Europe’s Startup Airlines Face a Long Winter
Winter has long been a low season for air travel in Europe with the seasonal fluctuation from peak summer months greater than in many other global markets, including the U.S. This winter is proving no different, but the added challenges of high inflation and energy costs is weighing on some airlines, particularly the startups that launched during the pandemic.
Flyr, a Norway-based startup that took off in June 2021, said Tuesday that it would cut its winter schedule drastically. Instead of flying a planned 12 aircraft, the airline will operate just five or six and suspend flights to all but a few key markets — including Alicante, Barcelona, Paris, and Rome — of the 27 destinations it served in September. The cuts, plus involuntary staff furloughs, aim to reduce expenses by half this winter and minimize cash burn to 400 million Norwegian kroner ($38 million). On top of the macroeconomic issues, Flyr CEO Tonje Wikstrøm Frislid said competition with legacy carriers, an age old challenge for any startup, was also challenging.
“It has taken longer than expected to build loyalty among business travelers on domestic routes in Norway, where the incumbent carriers maintain large market shares,” he said.
Another Norway-based startup, Norse Atlantic Airways, is not doing much better. The carrier will suspend its flights to Los Angeles from Berlin and Oslo for the winter — routes previously planned to be flown year round — in what amounts to a 28 percent cut to planned capacity for the November-through-March period, according to Diio by Cirium schedules.
“The winter season is historically more challenging for the industry and this year faces the additional burden of high fuel prices, increasing inflation in the markets that we operate and uncertainty in overall demand,” a Norse spokesperson said. “We have taken action to trim certain frequencies from Oslo and Berlin to the U.S…. The routes that we will continue to operate throughout the winter schedule are in strong demand.”
Flyr lost nearly $61 million and Norse $51 million in the first half of 2022, according to their latest available financial data. However, the latter only began flying in June.
The cuts come as many more established European airlines indicate surprisingly resilient travel demand despite the seasonal and economic pressures. SAS, which competes with both Flyr and Norse Atlantic, said on September 30 that it expects passenger numbers to continue to recover to 90 percent of pre-pandemic levels during the first half of its 2023 fiscal year, or the winter November-to-April 2023 period. The legacy carrier, which is restructuring in U.S. Chapter 11, also said leisure demand was robust while corporate demand was returning at a slower pace.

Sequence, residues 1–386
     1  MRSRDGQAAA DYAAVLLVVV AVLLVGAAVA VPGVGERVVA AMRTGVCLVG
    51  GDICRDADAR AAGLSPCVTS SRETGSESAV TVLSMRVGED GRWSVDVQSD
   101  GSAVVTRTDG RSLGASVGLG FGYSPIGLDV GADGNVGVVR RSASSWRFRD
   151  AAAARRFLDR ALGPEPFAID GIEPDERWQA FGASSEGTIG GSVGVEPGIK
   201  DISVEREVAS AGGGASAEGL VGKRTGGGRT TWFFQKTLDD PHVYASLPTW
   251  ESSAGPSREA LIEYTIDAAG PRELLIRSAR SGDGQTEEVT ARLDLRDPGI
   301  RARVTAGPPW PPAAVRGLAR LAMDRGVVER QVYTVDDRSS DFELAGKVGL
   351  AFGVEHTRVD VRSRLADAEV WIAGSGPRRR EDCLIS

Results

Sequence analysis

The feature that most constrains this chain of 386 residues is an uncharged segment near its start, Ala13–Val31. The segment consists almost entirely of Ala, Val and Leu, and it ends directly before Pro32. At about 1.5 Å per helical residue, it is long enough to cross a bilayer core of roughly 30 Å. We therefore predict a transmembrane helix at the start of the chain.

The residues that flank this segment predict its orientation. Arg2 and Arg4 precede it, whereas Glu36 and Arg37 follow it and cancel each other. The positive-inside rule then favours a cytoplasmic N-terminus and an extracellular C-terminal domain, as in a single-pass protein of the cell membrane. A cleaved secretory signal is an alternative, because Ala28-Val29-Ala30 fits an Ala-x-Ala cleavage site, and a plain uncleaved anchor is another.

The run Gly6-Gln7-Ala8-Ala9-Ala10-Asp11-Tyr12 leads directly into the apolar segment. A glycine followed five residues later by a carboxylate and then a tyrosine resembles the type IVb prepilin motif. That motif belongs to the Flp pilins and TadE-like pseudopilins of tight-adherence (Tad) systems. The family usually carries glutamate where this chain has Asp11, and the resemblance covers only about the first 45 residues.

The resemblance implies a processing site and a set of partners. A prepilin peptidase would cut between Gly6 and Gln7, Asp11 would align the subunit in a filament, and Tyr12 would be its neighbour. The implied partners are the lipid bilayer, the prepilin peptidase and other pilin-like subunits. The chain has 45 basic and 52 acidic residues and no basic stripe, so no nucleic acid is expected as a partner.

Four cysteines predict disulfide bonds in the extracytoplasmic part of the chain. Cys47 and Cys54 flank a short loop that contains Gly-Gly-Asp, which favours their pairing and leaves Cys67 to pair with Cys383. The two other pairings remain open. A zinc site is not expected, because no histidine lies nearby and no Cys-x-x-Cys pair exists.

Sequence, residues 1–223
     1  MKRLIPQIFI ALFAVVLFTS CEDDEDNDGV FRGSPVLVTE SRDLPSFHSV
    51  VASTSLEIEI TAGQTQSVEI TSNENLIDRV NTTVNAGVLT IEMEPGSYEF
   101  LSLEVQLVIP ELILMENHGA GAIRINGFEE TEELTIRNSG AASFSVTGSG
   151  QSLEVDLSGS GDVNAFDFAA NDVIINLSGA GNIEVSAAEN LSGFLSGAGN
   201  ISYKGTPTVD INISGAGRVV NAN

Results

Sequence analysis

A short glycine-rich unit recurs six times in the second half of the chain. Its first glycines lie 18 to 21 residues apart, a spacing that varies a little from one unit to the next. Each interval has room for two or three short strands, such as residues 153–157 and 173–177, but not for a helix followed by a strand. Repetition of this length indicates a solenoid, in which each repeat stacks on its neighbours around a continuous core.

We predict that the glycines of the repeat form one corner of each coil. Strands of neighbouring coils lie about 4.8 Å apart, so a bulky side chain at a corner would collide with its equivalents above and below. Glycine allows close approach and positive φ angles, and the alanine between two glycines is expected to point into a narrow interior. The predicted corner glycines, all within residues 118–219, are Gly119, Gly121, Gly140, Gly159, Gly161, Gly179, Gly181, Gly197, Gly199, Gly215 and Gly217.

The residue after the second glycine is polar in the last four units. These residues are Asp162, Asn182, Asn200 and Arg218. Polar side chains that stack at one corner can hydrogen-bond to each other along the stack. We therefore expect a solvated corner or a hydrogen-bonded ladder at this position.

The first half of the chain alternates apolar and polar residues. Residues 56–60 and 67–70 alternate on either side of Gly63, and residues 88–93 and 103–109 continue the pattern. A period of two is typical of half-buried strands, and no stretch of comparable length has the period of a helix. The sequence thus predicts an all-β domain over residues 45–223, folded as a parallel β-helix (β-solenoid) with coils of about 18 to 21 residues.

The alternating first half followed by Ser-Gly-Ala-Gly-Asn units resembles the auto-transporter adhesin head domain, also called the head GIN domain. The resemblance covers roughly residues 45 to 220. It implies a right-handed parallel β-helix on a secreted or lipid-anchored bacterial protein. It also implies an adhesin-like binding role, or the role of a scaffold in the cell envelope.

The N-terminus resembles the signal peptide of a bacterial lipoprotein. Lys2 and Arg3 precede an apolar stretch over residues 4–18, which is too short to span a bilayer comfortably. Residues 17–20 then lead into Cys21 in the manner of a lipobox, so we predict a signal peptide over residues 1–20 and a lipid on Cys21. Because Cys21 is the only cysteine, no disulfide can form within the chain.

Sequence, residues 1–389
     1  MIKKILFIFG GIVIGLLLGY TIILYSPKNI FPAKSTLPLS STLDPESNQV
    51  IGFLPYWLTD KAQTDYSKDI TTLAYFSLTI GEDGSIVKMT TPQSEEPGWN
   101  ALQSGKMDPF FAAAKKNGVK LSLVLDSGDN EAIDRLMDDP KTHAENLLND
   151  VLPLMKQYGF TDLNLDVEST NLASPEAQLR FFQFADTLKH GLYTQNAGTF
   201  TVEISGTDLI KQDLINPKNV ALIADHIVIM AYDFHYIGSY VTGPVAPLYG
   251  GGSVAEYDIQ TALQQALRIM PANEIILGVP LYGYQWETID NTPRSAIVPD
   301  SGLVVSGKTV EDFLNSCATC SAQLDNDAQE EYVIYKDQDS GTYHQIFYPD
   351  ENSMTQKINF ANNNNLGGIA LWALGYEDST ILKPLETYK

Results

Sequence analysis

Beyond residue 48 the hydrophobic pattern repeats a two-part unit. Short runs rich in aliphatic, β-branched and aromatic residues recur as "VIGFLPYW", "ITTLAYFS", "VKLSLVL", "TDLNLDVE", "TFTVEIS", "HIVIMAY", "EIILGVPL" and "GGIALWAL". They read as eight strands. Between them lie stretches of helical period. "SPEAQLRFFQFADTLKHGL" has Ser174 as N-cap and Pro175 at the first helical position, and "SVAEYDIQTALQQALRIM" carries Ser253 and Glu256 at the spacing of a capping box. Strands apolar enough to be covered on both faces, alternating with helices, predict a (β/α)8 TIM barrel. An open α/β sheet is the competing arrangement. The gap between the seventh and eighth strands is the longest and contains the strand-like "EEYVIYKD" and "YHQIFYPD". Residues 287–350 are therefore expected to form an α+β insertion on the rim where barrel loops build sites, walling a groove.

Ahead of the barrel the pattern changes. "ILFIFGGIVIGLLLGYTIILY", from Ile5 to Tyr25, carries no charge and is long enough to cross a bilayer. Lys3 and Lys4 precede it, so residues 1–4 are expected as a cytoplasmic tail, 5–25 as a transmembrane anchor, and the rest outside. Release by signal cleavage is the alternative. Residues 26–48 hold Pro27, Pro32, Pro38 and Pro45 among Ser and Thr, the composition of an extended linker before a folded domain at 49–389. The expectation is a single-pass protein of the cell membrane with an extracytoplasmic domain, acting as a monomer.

And Wizz Air CEO Josef Varadi said at a Eurocontrol event on Tuesday that European air travel “demand [was] surpassing previous levels.” The discounter was the fifth largest airline in Europe in terms of seats from January through September, Diio data show.
“We expect a stronger demand/fare environment, as leisure demand continues to be more resilient than previously expected, particularly related to peak holiday travel,” Raymond James analyst Savanthi Syth wrote on the European outlook on Tuesday. She noted that macroeconomic factors, including energy prices and inflation, could weigh on profitability even as travel demand remains robust.
Other European startup airlines also appear to be in a better situation than Flyr and Norse. Play Airlines CEO Birgir Jónsson told Airline Weekly that the carrier has a “positive outlook” for the winter, particularly for the transatlantic service to the U.S. that launched in April. Demand continues to increase with “consumer travel confidence,” and Play expects a continued increase in passenger load factors during the winter holidays and into 2023. Play launched in June 2021.
Norwegian Air, one of Flyr’s main competitors, has not updated its winter guidance since the end of August. At the time, executives said they were seeing a “normal” slowdown in bookings from the summer as compared to pre-pandemic years. Norwegian planned to seasonally reduce its winter capacity by roughly 28 percent with a focus on profitability.
European airlines will provide updated guidance later in October, and in November when they report September quarter results.
Story updated with comments from Play CEO Birgir Jónsson.Subscribe Now to Airline Weekly